Funds for First Responders Stuck in Red Tape

Support for first responders (search) — police officers, firefighters and emergency medical personnel — has emerged as a contentious political issue, with both parties claiming they are working to help the nation's first line of defenders.

But municipal officials say despite their best efforts, the cash intended to help these groups is getting caught up in bureaucratic red tape.

Cities and municipal divisions like fire and police departments must apply for much of the money, usually through state government, and local authorities say the routine has been less than smooth.

"The whole process has been extremely cumbersome. The time frame for submittal of applications for the grants has been very short. Any time that you're dealing with the federal government there are reams of paperwork to be filled out," said California Fire Chiefs Association (search) President Bill McCammon, who is also fire chief in Alameda County.

"The money just is not filtering down to fire department level. Frankly, the pass-through with the states really does not insure, in our view, that the distribution of the money goes where it's needed," said Kevin O'Connor, director of governmental and public affairs for the International Association of Firefighters (search).

Under the Bush administration, a greater percentage of federal funds for first responders pass through the states than during the previous administration. Critics say that as a result, it takes longer for the cash to reach its ultimate destination.

"Many states don't have the mechanisms in place to distribute the money in an effective fashion. Simply ordering quicker disbursement, however, is probably not the answer: The idea of block grants is to let states develop their own mechanisms for handing out the money. If it is to work, the federal government should give states breathing room to do it," said Heritage Foundation (search) adjunct fellow Eli Lehrer.

America's mayors recently registered their complaints with President Bush during a January U.S. Conference of Mayors meeting. Bush acknowledged that he had been hearing complaints that the money was moving too slowly and said he would discuss the situation with the nation's governors during a February meeting.

"I understand sometimes [the money] gets stuck not in Washington. It gets stuck at the state level, as I understand. I'm not interested in pointing fingers. I'm interested in making the system work better," Bush told the mayors.

But critics say the problem is not just the route for the cash, but the amount being disbursed.

Since March 1, 2003, the Department of Homeland Security (search) has awarded or allotted over $8 billion to support state and local preparedness. Between fiscal year 2001 and the fiscal year 2005 budget request, over $14.5 billion in assistance has been or will be made available for programs now under the Homeland Security Department.

But while homeland security funding continues to increase, the president's proposed budget for next fiscal year would cut $800 million in grants to first responders. The Office of Domestic Preparedness (search) would receive $3.6 billion down from $4.4 billion in funds for first-responder grants.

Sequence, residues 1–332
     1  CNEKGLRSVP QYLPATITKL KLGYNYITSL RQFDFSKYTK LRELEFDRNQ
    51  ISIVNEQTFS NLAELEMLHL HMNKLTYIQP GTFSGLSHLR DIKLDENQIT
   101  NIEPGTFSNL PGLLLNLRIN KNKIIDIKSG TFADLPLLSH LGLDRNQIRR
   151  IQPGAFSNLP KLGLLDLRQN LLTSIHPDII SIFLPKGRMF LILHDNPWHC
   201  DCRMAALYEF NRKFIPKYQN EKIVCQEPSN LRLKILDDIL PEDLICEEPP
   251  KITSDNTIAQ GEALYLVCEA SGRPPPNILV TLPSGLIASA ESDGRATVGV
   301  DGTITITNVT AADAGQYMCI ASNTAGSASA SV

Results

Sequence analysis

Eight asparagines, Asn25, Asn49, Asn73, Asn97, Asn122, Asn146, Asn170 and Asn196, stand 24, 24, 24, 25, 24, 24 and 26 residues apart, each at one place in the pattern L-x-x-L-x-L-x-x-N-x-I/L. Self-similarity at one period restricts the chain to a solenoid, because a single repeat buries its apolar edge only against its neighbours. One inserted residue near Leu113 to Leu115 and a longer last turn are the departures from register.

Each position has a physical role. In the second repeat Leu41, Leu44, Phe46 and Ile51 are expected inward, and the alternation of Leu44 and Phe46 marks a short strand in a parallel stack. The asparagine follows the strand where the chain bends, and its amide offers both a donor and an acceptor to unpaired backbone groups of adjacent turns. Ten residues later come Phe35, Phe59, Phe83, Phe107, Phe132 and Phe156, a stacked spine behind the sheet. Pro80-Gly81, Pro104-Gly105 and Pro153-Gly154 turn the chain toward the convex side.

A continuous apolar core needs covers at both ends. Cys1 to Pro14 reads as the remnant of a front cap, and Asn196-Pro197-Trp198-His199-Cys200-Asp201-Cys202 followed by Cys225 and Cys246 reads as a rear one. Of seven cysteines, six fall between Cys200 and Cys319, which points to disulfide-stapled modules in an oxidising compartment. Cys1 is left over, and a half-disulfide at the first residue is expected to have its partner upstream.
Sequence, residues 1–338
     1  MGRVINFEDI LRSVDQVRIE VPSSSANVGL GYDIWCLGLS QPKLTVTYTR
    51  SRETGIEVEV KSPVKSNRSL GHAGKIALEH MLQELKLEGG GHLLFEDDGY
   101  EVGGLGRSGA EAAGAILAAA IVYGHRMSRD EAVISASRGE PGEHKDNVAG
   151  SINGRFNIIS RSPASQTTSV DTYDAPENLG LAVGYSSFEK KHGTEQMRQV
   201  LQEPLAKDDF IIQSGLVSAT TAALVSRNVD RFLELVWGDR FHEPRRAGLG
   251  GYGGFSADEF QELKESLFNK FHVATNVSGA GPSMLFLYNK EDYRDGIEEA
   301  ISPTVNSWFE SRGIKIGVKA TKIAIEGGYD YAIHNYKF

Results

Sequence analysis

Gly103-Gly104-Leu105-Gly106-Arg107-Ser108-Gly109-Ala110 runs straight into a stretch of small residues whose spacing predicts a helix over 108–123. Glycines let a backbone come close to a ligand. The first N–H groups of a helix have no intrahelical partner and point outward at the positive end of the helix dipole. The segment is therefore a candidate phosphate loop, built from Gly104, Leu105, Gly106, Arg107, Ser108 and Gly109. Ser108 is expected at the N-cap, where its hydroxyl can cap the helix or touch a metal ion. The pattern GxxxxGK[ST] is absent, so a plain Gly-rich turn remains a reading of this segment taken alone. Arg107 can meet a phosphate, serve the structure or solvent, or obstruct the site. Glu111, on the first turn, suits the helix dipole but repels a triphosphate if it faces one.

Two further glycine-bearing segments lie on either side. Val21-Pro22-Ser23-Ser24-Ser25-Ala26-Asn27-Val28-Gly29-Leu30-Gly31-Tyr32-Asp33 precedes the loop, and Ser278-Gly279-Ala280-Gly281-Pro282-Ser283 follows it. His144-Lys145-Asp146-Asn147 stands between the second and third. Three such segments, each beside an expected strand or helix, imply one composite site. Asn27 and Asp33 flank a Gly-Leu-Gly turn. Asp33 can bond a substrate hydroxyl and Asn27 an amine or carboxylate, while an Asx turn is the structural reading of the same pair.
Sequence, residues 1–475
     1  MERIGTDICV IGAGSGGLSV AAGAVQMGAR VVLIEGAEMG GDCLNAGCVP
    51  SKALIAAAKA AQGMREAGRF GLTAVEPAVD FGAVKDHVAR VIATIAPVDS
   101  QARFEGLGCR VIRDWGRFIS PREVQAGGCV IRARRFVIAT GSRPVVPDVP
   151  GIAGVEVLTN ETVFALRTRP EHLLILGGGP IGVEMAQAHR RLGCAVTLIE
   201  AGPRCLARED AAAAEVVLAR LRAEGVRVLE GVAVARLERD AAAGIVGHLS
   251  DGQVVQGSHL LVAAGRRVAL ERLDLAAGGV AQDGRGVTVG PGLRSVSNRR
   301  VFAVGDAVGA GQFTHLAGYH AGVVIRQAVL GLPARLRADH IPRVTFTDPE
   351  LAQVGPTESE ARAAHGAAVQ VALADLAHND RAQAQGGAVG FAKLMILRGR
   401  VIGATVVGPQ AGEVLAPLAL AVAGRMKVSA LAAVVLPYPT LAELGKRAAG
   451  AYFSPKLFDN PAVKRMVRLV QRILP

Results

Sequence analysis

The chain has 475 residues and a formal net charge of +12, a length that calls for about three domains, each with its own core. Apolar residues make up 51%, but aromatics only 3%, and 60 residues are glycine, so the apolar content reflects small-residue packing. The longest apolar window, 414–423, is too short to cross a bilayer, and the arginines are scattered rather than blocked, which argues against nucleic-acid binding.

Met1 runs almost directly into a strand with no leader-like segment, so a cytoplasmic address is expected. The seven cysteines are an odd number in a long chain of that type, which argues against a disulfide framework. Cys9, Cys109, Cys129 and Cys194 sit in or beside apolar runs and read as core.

Currently, federal money makes up under 5 percent of fire departments' budgets, O'Connor said, pointing to the need for more aid.

"That’s really the problem. Traditionally the federal government has viewed the fire service as strictly the local responsibility," he said, adding that fire service operations face critical shortages in staffing, with two-thirds of departments functioning below national standards.

"The proposed budget actually takes a huge step backwards," O'Connor said. Some of the proposed cuts in the president's budget will particularly hurt the fire service, O'Connor said, pointing to possible cuts in training grants and the proposed abandonment of the Staffing for Adequate Fire and Emergency Response Firefighters Act (search), also known as the SAFER Act, which helps to maintain employment levels at fire companies.

Democrats have attempted to poke holes in the administration's homeland security plan for first responders, saying it also does not adequately support improving communications among emergency personnel.

"We know what we must do to protect America, but this administration is failing to meet the challenge," said House Minority Leader Rep. Nancy Pelosi (search), D-Calif. "One hundred percent communication in real time is needed for our police officers, firefighters and all of our first responders to prevent or respond to a terrorist attack. Today, the technology is there but the resources are not."

McCammon added that communications interoperability is the area "that continually comes up as one of the areas that we need the most improvement and that requires the most funding to be worked on."

McCammon and O'Connor said not all the news is bad — several Bush initiatives are working quite well. Both praised the Urban Area Security Initiative Grants (search), which devote an increasing amount of money to high threat regions such as Chicago, San Francisco, Seattle, and Washington. The 2005 budget would boost UASI spending by $558 million, doubling the program's funds.

The UASI evaluates each region's needs based on its likely threat level, population and infrastructure, an alternative to allocating cash by a fixed percentage for each state. McCammon said that while the system has experienced many hiccups, that is only natural considering the breadth of new challenges the nation faces.

"We're all learning how to work in this process. On some level it is working and there is a period of adjustment. Some of the things are being streamlined as we speak," McCammon said.